Anyhoo, he doesn't find anything online, so he enlists the help of Mrs. Watkins, the world's most helpful librarian. They go through the physical records, and discover one lone report of the 1969 Larry Redman incident, in which the name "The Bye Bye Man" is mentioned several times. Unfortunately seeing and hearing the name is enough to infect poor Mrs. Watkins as well.

Elliot goes to see Kim, and finds she's also been infected by this supernatural "virus." She claims she's been seeing disturbing hallucinations, and unbeknownst to Elliot, has killed her roommate. They go for a drive and Kim thinks she sees a family hurt in a car wreck, and demands Elliot stop so they can help. Despite the fact that she knows she's prone to seeing visions, she still runs right toward the suspiciously pitiful family and into the path of an oncoming train. Splat!

Every police car, firetruck and ambulance in Wisconsin then shows up at the scene of this small accident. Poor Carrie-Anne Moss enters the movie for some reason, playing Police Detective Shaw, the world's most sympathetic, yet hard-nosed cop. She questions Elliot and says witnesses saw him chase Kim into the path of the train, and that he's in big trouble unless he tells her what's really going on. He refuses to mention the Bye Bye Man to her in order to keep her from becoming infected.

Fortunately for Elliot, he's released after police discover Kim left a suicide note stating she killed her roommate and was planning on killing Elliot and his friends as well. That sounds more like a confession that a suicide note to me, but let's just roll with it.


Elliot then discovers Larry Redman's wife is still still alive, and pays her a visit. For some reason the Widow Redman is played by screen legend Faye Dunaway, who must have needed a new yacht payment or something. In a completely pointless scene, Elliot asks her what she knows, and she tells him the only reason she's still alive is because her husband never told her the name of you know who. Yeah, Widow Redman, we kind of figured that out for ourselves.

Dejected, Elliot goes home and hallucinates Sasha and John messing around in bed. He beans John in the head with a baseball bat, which somehow miraculously doesn't kill him. He gets a call from Mrs. Watkins, who says she's been having weird visions and wants to talk with him. Unknown to him, the Bye Bye Man has caused Mrs. Watkins to kill her entire family. As Elliot speeds to her house, he runs down Mrs. Watkins, who's wandering down the road for some reason. His car flips and he crawls from the wreckage and staggers down the road.

Elliot realizes how to beat the Bye Bye Man
— by ignoring the hallucinations he causes. I guess that might work, but what if something you think is a vision turns out to be real?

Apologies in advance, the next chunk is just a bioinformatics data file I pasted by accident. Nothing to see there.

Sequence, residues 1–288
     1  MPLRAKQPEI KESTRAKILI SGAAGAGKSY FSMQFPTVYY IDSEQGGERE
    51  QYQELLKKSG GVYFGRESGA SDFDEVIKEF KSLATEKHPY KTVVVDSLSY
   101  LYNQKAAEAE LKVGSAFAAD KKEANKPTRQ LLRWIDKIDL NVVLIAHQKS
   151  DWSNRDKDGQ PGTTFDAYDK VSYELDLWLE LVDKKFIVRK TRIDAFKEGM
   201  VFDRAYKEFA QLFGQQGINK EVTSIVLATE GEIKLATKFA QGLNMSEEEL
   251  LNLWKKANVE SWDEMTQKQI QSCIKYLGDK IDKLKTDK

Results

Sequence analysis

Meanwhile back at the house, everyone's having hallucinations. Sasha thinks John is Elliot, and John sees Sasha as the decayed corpse of Kim. Elliot enters the house just in time to see John stabbing Sasha with a pair of scissors, while the Bye Bye Man looks on. He tackles John and kills him, but is then horrified when he snaps out of it realizes it was actually Sasha who was killing John, meaning he just killed his own girlfriend. 

The house then erupts into flames for some reason. Just then, Virgil and Alice pull up and see the blazing house. Virgil tries to save Elliot, but the flames are too intense. It doesn't really matter, as Elliot shoots himself in the head to end the Bye Bye Man's curse.


Later after the fire's out, Virgil and Alice drive away. Alice reveals she found a couple of gold coins in the drawer of the old nightstand that was in Elliot's trash. In the movie;'s final flailing attempt to scare us, she says she saw writing inside the drawer (GASP!) but couldn't read it (Phew!).

Detective Shaw arrives at the scene and tells a fellow cop that there's more to this case than meets the eye. We then see John's somehow still alive and trying to talk. Shaw bends down and places her ear inches above his mouth, as he whispers something to her.


The End. Or IS it?

Thoughts:
• The film's unfortunate PG-13 rating really shows in the opening sequence. When Larry Redman goes on his 1969 killing rampage, he shoots a neighbor with a shotgun at near point blank range. She's knocked backward into the wall and slumps to the floor, leaving a small, softball-sized and completely bloodless dent in the drywall behind her. I have a feeling an attack like that would leave a bit more of a mess in reality.

• By far the most unrealistic thing about this movie wasn't the supernatural demon whose very name can affect a person's mind, but the GIGANTIC house that Elliot and his fellow student friends can somehow afford. 

Seriously, his bedroom was almost the size of my entire home! I guess the real estate market's very affordable in Wisconsin.

• About that tag line on the poster: "Don't think it. Don't say it."

More like, "Don't watch it. Don't see it," amirite? Eh? EH?